Before high cholesterol leads to a heart attack or stroke, the onset of coronary heart disease is likely. As such, one recurrent sensation is a warning sign of the condition. Considered one of the “most common” symptoms of coronary heart disease, according to the NHS, recurrent chest pain is a big signifier. Medically known as angina, the health body explained it occurs when the coronary arteries – supplying blood to the heart – become partially blocked.
While angina usually passes within 10 minutes, especially if you begin to rest, it is a clear indication that you have dangerously high cholesterol levels.
If cholesterol levels continue to rise from this point onwards, there is a significant risk of the arteries becoming completely blocked.
Should the blood supply to the heart be completely blocked off, a heart attack will ensue and bits of the heart muscle will die.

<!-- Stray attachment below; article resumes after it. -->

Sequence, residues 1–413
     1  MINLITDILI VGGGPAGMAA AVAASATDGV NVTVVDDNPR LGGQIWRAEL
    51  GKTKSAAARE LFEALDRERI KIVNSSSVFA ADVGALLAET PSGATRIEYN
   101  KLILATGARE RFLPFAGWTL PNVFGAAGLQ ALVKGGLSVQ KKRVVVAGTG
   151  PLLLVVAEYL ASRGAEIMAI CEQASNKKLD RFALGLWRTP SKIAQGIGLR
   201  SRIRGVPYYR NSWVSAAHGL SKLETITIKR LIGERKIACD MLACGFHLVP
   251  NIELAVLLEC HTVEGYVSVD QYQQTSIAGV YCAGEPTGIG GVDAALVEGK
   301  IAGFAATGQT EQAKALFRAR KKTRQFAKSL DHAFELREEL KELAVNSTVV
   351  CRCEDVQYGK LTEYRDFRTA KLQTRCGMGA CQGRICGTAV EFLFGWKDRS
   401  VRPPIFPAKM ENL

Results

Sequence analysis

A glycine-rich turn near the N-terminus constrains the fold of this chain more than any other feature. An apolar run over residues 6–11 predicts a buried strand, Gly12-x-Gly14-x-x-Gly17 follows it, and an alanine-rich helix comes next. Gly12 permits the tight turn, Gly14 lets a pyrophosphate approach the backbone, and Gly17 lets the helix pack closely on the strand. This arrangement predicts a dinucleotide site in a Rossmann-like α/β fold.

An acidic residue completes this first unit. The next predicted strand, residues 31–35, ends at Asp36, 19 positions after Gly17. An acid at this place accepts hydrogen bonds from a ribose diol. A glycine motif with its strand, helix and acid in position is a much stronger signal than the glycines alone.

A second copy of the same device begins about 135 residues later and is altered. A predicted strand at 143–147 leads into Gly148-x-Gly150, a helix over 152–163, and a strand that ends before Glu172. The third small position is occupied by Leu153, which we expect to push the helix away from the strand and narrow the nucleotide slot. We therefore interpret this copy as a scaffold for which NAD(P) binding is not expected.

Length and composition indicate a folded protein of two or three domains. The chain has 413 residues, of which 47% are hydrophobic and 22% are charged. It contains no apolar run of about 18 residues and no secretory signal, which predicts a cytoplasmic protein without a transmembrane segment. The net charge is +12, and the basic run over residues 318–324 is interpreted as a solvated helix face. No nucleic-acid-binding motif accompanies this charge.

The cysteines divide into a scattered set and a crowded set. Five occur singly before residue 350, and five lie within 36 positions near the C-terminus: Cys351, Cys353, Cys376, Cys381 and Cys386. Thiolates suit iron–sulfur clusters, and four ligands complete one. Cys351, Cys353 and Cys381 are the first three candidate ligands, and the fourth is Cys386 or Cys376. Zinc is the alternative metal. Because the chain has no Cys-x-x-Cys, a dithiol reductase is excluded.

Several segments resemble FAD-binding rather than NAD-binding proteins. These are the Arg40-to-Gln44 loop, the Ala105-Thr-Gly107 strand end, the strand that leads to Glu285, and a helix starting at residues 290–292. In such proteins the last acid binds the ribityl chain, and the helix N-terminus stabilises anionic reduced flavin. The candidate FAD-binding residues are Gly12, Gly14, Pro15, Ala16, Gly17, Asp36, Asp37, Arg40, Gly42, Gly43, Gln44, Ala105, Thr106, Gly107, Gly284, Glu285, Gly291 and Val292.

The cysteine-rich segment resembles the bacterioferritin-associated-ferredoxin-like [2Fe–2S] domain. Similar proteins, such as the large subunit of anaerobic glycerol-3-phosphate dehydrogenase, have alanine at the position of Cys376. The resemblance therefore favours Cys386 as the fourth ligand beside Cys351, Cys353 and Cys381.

The symptoms of a heart attack can be very similar to angina, the health body stated.
However, the pain is often more severe and may happen when you are resting.
During a heart attack, other symptoms might appear, including:
- Pain in other parts of the body – it can feel as if the pain is travelling from your chest to your arms, jaw, neck, back or stomach
“If heart pains last longer than 15 minutes, it may be the start of a heart attack,” the NHS warned.
How to lower cholesterol levels
If you are concerned about your cholesterol levels, especially if you already have angina, now is the best time to make some changes.
One of the most important things you can do to help improve coronary heart disease is to stop smoking if you smoke.
“Any type of smoking will make your condition worse,” the British Heart Foundation warned.
“This includes cigarettes, pipes and cigars, and all other types of tobacco products such as shisha.”
Other measures include exercising regularly and reducing levels of stress.
Source: | This article first appeared on Express.co.uk